One of the most attractive benefits of the World Wide Web is that a on-line project or research report can be accessable using most computers with Internet capability. However, because of variations in software and hardware viewing devices, examiners of the on-line project or research report may not see exactly the same work.
To ensure examiners see exactly the same work, the author of the on-line project or research report must strictly adhere to an agreed set of standards. These standards should be sourced from the W3C group, and can take one of the following forms:
- Compatibility with current W3C standards and compatibility with most common hardware/software browsers (e.g Netscape 2 or better).
- Compatibility with a nominated, agreed-to set of W3 standards and compatibility with a nominated set of hardware/software viewing devices.
For a draft of recommendations for library use see: Scholarly Communications Project, University Libraries, Virginia Tech Server Requirements for Electronic Theses and Dissertations December 12, 1997.
Some students may create work that is software and platform dependent. One approach to managing this has been to require that the student provide copies of fully licensed third party software with the work.
(See: Purdue University: Submitting Your Dissertation or Master's Theses in Electronic Format
- Durable visual record
In the past, libraries have had to continually balance the preservation of manuscripts, books, recordings, film and video against their availability for public access. Digital material - on-line, is easily duplicated and distributed without loss of quality. Long term access and preservation are now inseparable.
This means that a durable record of digital material should now been seen as the infrastructure that supports long term access rather than as a physical object.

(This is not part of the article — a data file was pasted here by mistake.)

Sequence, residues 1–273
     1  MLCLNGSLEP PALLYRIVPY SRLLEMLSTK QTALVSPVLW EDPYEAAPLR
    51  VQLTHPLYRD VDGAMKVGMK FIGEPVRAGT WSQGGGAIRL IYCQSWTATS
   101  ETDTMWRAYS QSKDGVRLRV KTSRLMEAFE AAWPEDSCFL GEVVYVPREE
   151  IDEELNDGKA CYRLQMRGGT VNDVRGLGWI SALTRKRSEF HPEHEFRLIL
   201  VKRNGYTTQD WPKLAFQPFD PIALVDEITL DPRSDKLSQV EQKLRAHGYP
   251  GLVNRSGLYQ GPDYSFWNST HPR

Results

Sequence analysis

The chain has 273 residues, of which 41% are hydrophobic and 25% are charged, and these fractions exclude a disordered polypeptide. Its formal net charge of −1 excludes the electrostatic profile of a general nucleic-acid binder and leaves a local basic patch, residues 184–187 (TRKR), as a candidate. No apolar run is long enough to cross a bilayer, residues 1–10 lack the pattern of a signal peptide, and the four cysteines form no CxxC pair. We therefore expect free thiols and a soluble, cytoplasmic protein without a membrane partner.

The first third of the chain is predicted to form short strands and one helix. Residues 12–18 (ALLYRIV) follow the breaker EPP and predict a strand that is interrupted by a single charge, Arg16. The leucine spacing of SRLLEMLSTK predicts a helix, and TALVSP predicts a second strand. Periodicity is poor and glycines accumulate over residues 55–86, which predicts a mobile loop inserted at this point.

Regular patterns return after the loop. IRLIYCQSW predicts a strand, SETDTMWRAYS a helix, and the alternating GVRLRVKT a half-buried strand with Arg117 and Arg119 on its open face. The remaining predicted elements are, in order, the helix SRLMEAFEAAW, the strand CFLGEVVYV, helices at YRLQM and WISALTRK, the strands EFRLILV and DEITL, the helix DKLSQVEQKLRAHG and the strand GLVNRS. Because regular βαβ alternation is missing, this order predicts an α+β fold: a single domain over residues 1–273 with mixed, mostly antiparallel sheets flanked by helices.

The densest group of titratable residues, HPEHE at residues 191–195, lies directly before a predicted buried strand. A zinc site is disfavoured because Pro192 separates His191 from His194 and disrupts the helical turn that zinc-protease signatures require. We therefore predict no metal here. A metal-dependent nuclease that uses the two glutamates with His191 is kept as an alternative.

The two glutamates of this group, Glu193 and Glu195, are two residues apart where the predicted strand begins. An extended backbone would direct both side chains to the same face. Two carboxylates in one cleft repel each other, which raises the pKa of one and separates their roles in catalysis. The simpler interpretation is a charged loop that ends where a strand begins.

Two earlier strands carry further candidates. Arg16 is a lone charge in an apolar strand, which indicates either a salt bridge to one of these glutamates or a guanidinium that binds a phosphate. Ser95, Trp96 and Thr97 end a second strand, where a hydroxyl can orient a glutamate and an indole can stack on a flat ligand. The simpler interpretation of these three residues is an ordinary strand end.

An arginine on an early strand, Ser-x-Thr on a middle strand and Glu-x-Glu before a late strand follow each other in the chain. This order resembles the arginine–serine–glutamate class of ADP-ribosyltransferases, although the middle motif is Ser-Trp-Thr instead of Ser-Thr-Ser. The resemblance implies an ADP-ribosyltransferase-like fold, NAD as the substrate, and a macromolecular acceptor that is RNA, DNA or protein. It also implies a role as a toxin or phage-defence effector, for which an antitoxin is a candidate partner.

For an examination of the issues and a case study of how an evolving site such as `The Flight of Ducks' was captured and preserved by the National Library of Australia, see `Killing the Duck to Keep the Quack'
For a description of an infrastructure which might support long-term access to digital resources, see draft: Seven Pillars of Infrastructure Development
Authentication of on-line projects and research reports is still important. One of the prime requirements for examination is that the work have a cut off date. Such a date can be the date of submission or capture - beyond which the work is frozen in time.
`Many publishers want to be the first to disseminate original research and will not accept such work if it has already been distributed electronically. Although almost no master's theses and only a few dissertations are published in scholarly journals each year, graduate student work is frequently done in tandem with a professor who later hopes to include the research in a scholarly publication. But a number of publishers will not accept research that has appeared on the Internet. See
Ian Zach, Electronic Thesis and Dissertation Submission: N.Y. Times News Service, August 2, 1997
Virginia Tech provides three options for electronic access to E-theses. The Virginia Tech Electronic Submission Approval Form, must be signed by the candidate and Higher Degrees Committee when submitting final work:
- The first option, is to make the work freely available worldwide.
- The second option, is to make the ETD freely available to the University community but at the same time disallow access from others. So that these others will gain access as soon as appropriate, this restriction on access is only for a period of one year. To protect the candidate, the University will allow the period to be extended, a year at a time, as long as necessary, and will not release the work until the candidate or supervisor provide written authorisation.